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Interview reflections

My musing today is about my experience so far using interviews as a data collection method.  The whole process of conversing and listening to fellow project managers has been a learning and enjoyable experience, and every single interview has left a signature or unique impression on me.

I’ve purposefully been an active interviewer to maximise my connections a) as a project manager/researcher interviewing project managers, and b) the shared company events and contexts, but what are the lessons to date?

  1. Interview schedules are a quite a time costly exercise – contacting interviewees, arranging time/place, handling re-arrangements if they no-show or change, and the follow ups before and after the interview all takes time.  I found a simple excel spreadsheet and outlook calendar helped.
  2. I offered the choice of interview location to each interviewee, hopefully they chose a place where they would feel comfortable to talk.  Abu Dhabi’s coffee shops have been popular, however, the recordings from these locations have been hard to transcribe at times – due to not being able to control the noise levels from babies screaming, music rocking, or grinding or cleaning the coffee machines!  I prefer the interviewee comfort over trying to enforce quiet locations.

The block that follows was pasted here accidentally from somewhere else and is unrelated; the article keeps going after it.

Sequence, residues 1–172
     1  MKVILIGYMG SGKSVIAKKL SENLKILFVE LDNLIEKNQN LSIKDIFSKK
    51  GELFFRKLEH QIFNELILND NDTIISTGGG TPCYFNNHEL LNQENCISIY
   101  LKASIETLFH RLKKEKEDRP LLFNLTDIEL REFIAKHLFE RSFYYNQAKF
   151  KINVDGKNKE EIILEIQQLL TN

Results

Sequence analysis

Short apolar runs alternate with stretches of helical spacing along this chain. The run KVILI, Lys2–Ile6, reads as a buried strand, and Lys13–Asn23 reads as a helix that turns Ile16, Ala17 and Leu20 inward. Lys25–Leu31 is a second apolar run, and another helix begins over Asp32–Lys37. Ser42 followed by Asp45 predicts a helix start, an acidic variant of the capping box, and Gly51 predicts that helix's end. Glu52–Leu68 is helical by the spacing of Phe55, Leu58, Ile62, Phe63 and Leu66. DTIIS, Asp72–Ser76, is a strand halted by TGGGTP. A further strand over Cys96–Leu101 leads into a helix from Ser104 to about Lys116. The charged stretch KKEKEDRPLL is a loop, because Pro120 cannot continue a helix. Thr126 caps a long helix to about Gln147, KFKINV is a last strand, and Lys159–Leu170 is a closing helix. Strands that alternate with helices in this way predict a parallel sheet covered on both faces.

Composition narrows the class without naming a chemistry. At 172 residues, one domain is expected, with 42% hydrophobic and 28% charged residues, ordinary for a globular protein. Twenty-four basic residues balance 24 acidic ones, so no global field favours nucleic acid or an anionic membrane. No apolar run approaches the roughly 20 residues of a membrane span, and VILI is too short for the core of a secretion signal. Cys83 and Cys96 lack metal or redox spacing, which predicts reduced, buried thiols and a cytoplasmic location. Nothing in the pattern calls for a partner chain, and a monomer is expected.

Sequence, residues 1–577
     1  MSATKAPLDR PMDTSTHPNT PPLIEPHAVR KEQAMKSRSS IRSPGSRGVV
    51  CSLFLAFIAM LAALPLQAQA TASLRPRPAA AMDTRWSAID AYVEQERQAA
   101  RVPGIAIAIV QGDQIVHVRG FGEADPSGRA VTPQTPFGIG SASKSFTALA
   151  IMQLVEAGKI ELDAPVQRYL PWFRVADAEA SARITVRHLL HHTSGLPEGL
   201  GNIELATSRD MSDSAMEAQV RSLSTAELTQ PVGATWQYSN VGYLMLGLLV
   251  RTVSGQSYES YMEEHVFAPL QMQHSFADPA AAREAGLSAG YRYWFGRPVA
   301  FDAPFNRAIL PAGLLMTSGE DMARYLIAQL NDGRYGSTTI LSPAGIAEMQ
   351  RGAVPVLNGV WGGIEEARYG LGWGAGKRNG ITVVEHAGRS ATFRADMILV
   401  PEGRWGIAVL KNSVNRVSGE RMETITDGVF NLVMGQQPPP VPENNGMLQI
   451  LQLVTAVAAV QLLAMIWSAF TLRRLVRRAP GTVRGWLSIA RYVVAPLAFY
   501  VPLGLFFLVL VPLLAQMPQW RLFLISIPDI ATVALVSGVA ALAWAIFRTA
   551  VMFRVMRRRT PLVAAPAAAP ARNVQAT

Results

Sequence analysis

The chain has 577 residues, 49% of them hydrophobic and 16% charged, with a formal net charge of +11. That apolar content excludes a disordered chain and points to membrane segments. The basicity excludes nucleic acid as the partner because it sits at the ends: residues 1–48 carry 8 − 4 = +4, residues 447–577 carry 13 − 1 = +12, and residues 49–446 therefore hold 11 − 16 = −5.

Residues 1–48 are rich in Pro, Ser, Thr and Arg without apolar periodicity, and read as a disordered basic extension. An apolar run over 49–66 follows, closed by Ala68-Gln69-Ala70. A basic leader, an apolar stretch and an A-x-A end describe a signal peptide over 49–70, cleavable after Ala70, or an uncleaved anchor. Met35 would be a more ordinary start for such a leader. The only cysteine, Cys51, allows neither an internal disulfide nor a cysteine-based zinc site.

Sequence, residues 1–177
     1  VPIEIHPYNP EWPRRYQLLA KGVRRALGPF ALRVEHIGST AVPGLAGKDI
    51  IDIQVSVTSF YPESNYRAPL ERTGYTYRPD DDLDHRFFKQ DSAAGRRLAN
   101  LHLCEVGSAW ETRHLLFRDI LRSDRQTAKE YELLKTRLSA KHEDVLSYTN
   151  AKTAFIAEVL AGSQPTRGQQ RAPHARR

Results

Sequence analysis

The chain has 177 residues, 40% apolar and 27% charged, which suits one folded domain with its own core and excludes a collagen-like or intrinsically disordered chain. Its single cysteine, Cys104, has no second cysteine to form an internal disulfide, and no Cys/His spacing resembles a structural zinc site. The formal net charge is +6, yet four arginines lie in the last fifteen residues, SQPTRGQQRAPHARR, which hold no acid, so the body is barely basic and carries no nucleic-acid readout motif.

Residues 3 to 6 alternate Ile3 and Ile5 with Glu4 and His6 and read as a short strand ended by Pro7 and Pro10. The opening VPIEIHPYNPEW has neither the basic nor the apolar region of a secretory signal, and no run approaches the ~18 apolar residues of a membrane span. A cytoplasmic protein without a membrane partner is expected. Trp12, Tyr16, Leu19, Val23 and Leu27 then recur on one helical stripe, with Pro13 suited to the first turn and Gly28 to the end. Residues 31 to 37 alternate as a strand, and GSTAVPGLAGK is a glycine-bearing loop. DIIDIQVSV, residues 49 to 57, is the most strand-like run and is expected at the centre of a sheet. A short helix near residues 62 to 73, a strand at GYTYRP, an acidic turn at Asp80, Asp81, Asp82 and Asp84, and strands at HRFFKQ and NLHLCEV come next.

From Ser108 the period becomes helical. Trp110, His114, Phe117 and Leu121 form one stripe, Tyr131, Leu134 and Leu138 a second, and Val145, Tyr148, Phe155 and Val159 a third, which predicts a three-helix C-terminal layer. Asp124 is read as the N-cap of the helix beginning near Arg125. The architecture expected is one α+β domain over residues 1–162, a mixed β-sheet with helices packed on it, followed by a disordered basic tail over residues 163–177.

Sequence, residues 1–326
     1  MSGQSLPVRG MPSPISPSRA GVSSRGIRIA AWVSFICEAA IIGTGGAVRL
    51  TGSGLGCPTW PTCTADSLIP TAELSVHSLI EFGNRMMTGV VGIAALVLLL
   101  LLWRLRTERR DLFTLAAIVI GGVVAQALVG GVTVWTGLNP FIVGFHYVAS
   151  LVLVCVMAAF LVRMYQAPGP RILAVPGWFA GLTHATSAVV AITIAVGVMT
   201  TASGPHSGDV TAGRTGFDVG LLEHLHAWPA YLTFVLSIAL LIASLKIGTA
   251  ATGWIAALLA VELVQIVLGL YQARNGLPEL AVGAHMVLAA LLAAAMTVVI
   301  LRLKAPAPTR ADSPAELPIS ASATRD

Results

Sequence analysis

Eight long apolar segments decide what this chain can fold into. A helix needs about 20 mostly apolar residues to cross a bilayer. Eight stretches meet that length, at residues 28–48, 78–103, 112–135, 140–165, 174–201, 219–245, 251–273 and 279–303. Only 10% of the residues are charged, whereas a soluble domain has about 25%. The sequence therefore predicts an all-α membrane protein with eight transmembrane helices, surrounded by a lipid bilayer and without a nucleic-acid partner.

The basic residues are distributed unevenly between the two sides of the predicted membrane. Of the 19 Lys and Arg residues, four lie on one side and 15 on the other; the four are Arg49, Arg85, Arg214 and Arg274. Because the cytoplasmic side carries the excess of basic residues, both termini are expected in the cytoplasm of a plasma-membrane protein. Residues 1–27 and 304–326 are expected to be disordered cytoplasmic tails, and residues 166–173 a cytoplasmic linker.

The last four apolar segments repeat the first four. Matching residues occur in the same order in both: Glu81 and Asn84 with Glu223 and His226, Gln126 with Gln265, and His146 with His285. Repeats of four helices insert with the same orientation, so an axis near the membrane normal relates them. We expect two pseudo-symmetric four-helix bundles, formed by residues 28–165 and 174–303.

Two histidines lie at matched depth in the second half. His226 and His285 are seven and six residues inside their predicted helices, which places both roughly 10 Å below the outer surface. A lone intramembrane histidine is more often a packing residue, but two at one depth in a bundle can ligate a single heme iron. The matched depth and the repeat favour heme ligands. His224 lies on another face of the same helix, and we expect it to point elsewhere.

3. Interviews require quite a lot of energy and intensity.  Considering my interviews have ranged from 90-150mins in duration, I can handle no more than 2 per day – on top of my day job, plus the commute.  Being attentive, active listening and controlling my terrible tendency to interrupt is energy intensive.  One per day might be optimal for part-time researchers.
  4. Frustratingly in four out of 14 interviews, one of the recording devices (iPhone) has not work for some reason.  Having a back up recording device (Livescribe Pen) has saved my bacon.  Anyone who know how’s to convert a livescribe pencast file into mp3 so I can transcribe the backup files in NVivo – please email me!